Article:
According to the Alzheimer’s Society, dementia is one of the biggest challenges we face, with nearly 50 million people living with dementia worldwide Steeles Law is passionate about highlighting the importance of talking about dementia. In January of this year, colleagues updated their training and became Dementia Friends with the aim of offering a more supportive and inclusive service to the local community. Through this opportunity the team were able to learn more about dementia, a condition that affects many of us and our families, we have gained the necessary tools to better assist all who use our services.
What does being a Dementia Friend mean to us?
We asked our team what being a Dementia Friend means to them, see our article supporting Dementia Action week 2020.
Can I access legal services if I have been diagnosed with Dementia?
The best advice when it comes to Lasting Powers of Attorneys (LPAs) is to act early and get them in place long before your capacity may be affected.
It is not uncommon for our team to act for families that have members in the early stages of dementia. We urge families to have conversations about plans for later life before it’s too late. Once the disease has progressed too far, it becomes too late to take advice and in these cases sadly we were not able to complete a lasting power of attorney.
For more information, see our previous article Can I make a Lasting Powers of Attorney if I have Dementia?
What is a Lasting Power of Attorney (LPA) and why are they so important?
An LPA is a legal document which allows you to appoint someone who you trust, to make decisions in relation to your property and financial affairs and/or health and welfare should you become incapable of making decisions for yourself.
There are two types of Lasting Powers of Attorney (LPA) and we recommend you make both types.
- A Property and Financial Affairs LPA allows your attorney to make decisions about your property and finances.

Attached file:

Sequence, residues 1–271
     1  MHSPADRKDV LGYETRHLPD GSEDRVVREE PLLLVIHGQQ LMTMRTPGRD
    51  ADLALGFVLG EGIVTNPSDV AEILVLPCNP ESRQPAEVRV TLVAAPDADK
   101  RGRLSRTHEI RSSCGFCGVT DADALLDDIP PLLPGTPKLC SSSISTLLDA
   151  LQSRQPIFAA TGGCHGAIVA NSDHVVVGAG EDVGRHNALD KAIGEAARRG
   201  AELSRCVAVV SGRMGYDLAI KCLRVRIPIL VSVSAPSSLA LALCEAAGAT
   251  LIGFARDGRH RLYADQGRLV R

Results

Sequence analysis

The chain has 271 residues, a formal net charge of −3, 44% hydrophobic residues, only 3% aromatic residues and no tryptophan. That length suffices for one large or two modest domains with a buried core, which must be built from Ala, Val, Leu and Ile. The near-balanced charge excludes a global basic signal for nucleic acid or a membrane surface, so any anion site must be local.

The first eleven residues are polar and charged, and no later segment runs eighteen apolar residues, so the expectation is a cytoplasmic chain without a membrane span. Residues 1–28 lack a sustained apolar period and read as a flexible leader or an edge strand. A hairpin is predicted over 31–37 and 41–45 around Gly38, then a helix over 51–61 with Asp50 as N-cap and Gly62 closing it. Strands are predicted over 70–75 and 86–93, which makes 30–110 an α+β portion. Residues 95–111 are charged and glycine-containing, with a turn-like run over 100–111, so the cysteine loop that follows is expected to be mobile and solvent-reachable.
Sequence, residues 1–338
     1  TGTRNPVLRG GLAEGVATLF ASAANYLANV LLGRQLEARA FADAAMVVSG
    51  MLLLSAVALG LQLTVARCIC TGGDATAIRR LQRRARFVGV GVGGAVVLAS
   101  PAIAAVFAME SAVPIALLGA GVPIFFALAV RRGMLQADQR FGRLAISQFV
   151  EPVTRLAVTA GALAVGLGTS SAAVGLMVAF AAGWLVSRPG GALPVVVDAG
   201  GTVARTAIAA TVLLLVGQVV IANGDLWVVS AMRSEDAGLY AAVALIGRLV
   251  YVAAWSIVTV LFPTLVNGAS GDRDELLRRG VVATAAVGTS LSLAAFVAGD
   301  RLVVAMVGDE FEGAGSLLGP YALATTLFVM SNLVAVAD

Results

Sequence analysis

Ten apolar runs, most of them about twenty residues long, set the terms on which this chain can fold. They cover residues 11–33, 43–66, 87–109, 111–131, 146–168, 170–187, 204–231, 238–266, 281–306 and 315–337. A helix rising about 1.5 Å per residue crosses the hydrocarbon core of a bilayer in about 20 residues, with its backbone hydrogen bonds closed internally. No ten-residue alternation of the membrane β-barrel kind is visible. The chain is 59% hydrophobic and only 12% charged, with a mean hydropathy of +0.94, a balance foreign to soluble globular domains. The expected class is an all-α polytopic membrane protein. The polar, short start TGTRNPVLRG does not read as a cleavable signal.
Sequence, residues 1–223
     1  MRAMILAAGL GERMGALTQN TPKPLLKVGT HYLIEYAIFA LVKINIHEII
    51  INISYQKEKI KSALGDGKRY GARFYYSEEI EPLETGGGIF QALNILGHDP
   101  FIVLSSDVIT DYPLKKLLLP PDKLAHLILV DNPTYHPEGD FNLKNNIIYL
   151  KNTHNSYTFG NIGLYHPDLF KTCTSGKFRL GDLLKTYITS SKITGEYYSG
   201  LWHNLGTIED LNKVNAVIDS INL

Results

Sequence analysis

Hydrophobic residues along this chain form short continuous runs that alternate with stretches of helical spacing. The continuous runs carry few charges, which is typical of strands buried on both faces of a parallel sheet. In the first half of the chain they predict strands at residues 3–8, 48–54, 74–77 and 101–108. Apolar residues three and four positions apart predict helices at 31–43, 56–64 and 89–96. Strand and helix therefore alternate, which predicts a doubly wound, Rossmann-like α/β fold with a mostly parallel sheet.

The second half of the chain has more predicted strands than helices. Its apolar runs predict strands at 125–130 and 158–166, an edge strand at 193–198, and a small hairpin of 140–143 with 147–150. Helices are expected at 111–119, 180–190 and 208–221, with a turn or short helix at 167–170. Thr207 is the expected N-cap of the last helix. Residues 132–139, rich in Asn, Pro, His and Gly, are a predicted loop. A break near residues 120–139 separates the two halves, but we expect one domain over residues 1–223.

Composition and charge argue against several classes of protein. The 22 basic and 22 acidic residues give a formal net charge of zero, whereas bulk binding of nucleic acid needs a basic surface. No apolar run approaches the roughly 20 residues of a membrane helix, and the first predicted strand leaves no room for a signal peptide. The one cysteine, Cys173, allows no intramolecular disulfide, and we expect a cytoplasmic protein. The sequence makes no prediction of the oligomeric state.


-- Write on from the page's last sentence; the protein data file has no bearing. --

- A Health and Welfare LPA allows your attorney to make decisions about your personal welfare.
We recommend that all clients consider making an LPA, as no one has an automatic right to make decisions on someone’s behalf. When it comes to your finances, many people believe their spouse, civil partner or “next of kin” can make decisions but this is not the case and even if you make somebody a signatory on your account, this authority will end automatically if you lose capacity. Even if you have joint accounts with somebody, the joint account holder has no authority to make sole decisions on the account and if you lose capacity these accounts can be frozen by the banks.
If it is too late to make an LPA, we would probably advise the family to make an application to the Court of Protection to appoint a Deputy.
Unfortunately the application process is incredibly lengthy and expensive and can take several months to complete.
We are happy to answer any questions you may have regarding making a Lasting Powers of Attorney if you or a family member has been diagnosed with Dementia, please contact our dedicated Wills, Trusts and Probate team by calling 01379 652141 or by emailing email@example.com.
*The information provided in this article is designed to provide useful information on the subject, not to provide specific legal advice.